Instant replay was introduced to the wide world of television sports on Pearl Harbor Day in 1963 — for the Army-Navy football game, of all things.
That’s right. Until then we got to see things once, so you paid attention and you didn’t blink and whatever happened is what happened, and if the officials blew a call, well, the human element has long been a part of sports. Players screw up all the time. So do coaches and so do referees. Of course, sports officiating, as one pundit observed, is the only profession in the world where you are expected to start perfect and get better every day.
It wasn’t long after that first instant replay that the technology geniuses were able to not only replay the action, but to slow it down. Remember Slo-Mo? The next step, of course, was adding multiple cameras that could replay and slow down the action at multiple speeds from multiple angles, and before you could say Jasper Sanks, we had created a monster. Officials had to make split-second decisions in the heat of the moment and we fans could sit at home and second- — and third- and fourth- and fifth-guess — the calls from the comfort of our own living rooms.
But not at the stadiums. Remember when they first installed those big screens at the ball parks and in arenas everywhere? Now even high school stadiums have them. But they wouldn’t show controversial calls on the big boards because, I suppose, game management feared retribution against errant officials. In an Atlanta Braves game at Atlanta-Fulton County Stadium (Am I the only one that misses that place?) the umpiring crew walked off the field in protest after a replay on the Megatron seemed to show them up. They wouldn’t return until the Braves management promised not to do that again.
Those days are long gone, however. (Can anyone say “bogus infield fly rule?) and now we get to see it all — over and over and over.
Then in 1986, professional sports lifted the lid off Pandora’s Box and officials began to use instant replay on television monitors to review plays that were extremely close or controversial. That experiment didn’t really go well. It turned out that the replay officials in the booth were missing more calls than the zebras on the field, and the plan was abandoned in 1992.
Aha! But not so fast, my friend. The review was reinstituted — if a coach challenged the call on the field — in 1999, just in time for the new millennium. College football followed suit in 2004. Baseball, long the keeper of tradition, except for that ridiculous designated hitter thing, held out until 2008 — and then it was only on questionable home run calls.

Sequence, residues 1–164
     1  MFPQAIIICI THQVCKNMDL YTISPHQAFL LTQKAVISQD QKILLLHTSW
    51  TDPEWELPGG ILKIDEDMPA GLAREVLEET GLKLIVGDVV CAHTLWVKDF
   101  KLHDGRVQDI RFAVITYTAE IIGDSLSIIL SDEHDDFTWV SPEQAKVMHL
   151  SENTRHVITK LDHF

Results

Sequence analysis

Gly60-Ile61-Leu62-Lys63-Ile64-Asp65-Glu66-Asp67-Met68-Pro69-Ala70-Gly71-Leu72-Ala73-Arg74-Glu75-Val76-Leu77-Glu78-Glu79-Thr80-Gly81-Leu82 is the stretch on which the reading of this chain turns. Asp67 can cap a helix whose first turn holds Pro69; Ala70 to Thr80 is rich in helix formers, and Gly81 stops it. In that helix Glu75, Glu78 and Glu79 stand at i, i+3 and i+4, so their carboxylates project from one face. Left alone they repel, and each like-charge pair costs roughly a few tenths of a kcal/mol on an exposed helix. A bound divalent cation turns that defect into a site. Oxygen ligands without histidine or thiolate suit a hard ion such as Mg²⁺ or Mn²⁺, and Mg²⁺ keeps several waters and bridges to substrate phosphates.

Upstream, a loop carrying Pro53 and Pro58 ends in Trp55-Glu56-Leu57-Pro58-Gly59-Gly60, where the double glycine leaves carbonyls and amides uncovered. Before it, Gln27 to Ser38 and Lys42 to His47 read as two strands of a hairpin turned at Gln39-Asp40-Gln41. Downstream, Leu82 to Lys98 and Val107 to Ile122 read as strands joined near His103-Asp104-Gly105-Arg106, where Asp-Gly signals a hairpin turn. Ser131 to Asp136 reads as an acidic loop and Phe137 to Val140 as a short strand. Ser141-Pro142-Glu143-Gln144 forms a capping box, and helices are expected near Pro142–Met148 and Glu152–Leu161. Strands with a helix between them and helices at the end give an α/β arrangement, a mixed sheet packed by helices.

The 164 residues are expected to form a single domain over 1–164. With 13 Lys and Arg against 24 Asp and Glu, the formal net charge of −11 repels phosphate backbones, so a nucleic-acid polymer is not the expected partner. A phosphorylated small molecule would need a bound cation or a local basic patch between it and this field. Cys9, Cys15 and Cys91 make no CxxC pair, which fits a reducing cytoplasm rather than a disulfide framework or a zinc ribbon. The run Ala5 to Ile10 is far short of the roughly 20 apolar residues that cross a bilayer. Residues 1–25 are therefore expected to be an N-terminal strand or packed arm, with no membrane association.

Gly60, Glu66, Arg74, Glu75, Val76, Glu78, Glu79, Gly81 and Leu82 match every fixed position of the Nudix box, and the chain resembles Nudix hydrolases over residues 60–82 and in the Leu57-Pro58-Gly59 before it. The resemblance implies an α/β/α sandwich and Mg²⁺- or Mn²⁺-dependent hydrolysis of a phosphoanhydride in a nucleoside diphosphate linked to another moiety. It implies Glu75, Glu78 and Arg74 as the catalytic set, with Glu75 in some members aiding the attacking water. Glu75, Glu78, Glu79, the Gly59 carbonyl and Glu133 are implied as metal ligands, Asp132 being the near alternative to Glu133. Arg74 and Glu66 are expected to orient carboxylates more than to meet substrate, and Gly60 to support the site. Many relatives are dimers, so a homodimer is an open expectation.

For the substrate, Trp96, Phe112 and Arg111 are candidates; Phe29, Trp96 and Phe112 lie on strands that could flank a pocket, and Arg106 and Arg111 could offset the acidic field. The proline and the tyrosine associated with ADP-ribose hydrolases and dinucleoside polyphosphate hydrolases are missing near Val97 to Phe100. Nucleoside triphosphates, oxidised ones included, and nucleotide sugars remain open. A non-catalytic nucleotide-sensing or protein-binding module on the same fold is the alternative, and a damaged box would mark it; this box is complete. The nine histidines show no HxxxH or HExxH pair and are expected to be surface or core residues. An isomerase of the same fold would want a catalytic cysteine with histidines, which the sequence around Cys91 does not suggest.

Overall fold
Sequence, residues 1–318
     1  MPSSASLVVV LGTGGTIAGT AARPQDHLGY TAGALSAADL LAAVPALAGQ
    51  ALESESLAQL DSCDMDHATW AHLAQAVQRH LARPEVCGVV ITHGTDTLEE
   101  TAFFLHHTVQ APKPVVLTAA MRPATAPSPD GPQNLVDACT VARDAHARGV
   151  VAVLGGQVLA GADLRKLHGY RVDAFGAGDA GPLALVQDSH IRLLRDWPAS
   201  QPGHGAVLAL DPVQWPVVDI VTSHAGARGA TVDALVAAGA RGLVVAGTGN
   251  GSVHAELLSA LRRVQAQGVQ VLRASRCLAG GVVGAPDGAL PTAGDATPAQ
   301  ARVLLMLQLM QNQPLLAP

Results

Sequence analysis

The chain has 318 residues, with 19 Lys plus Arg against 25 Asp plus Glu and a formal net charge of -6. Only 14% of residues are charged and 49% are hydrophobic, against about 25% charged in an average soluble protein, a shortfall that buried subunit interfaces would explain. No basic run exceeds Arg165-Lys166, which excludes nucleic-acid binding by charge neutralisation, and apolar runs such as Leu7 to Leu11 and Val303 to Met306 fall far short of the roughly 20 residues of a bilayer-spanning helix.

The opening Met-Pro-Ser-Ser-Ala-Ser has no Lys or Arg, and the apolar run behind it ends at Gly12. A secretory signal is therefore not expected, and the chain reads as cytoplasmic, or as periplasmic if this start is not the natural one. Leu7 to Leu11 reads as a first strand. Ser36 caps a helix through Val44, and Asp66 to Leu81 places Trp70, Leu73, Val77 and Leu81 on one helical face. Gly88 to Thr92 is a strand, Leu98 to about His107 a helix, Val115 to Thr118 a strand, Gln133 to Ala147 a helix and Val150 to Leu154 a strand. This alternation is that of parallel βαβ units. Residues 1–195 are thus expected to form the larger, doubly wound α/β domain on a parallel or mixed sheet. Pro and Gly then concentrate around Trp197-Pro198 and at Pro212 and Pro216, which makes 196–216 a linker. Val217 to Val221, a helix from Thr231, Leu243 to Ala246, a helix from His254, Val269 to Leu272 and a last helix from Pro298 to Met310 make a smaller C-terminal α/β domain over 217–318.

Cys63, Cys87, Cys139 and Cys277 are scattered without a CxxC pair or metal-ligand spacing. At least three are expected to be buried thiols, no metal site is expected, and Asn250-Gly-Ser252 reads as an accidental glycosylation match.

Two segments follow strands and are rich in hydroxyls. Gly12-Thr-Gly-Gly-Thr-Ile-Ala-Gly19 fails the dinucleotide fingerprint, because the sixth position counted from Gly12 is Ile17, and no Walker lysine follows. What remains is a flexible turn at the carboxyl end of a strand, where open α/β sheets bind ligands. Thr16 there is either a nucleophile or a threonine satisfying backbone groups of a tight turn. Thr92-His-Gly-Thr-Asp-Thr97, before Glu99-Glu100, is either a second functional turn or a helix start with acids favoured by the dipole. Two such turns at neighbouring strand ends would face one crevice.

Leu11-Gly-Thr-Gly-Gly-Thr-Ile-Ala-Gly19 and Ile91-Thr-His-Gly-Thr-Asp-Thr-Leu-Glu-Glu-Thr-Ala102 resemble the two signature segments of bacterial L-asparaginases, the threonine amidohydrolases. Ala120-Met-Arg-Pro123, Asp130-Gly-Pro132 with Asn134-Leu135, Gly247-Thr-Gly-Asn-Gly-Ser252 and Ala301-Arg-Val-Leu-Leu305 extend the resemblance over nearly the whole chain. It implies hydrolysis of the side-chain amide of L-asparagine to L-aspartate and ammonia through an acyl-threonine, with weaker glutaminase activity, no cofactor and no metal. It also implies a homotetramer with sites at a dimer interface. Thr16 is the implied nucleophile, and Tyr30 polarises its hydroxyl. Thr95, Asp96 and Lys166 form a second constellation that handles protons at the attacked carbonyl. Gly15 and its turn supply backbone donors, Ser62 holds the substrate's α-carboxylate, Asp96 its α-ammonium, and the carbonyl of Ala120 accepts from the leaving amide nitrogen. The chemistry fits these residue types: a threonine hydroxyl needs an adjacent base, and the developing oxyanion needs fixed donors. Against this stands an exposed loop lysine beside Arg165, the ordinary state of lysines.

But now, all the major sports have all sorts of opportunities to review and rebut decisions, and it has gotten completely out of hand. Any New Orleans Saints fan will tell you that no system is fool proof. Other fans, like me, will complain that it just slows down the game too much and too often kills the momentum. In the SEC, for example, every play of every college football game is supposedly reviewed. That’s just ridiculous. And decisions are only supposed to be overturned if there is inconclusive evidence. If that were the case, reviews would take about 30 seconds instead of five or six minutes as they sometimes do. And there are still plays that could be reviewed that aren’t — like somebody being called offside after they blocked a kick in the National Championship game when they clearly were not.
College basketball is the worst offender. The very worst. An otherwise magnificent March Madness was made almost unwatchable at some points because of officials stooped under hoods on the sidelines staring into television monitors. I got so sick of hearing about catch and release — or was it hook and grab? — or whatever they called it when two players inadvertently locked elbows. Blow the whistle. Make the call. Play the game.
And last Saturday the very ultimate in absurdness was reached when it took the stewards at Churchill Downs 22 minutes to decide that the winning horse might have veered off a straight line and impeded a couple of other horses. If it takes dozens of cameras and 22 minutes to decide a foul occurred, a foul didn’t occur. I’m sorry. Not a big enough foul to take down one horse’s name and put up another as the winner of the Kentucky Derby. It was the first time that had been done in the 145-year history of the race.
It was just bogus, as is so much of the wasted time and use of technology that has taken over the sporting world. Just because we have it doesn’t mean we should use it.
A handful of people changed the outcome of a sporting event Saturday and billions of dollars changed hands. The fact that I was turned away from the window at Churchill Downs with just my betting stub, with $20 on the number 7 horse to win, instead of the $100 I was due, has nothing to do with my ire.
Well, that’s not all of it anyway.
And if we are going to go crazy over all these reviews, Jasper Sanks never fumbled against Georgia Tech. If we can take Maximum Security off the board, surely we reverse the outcome of that 1999 game.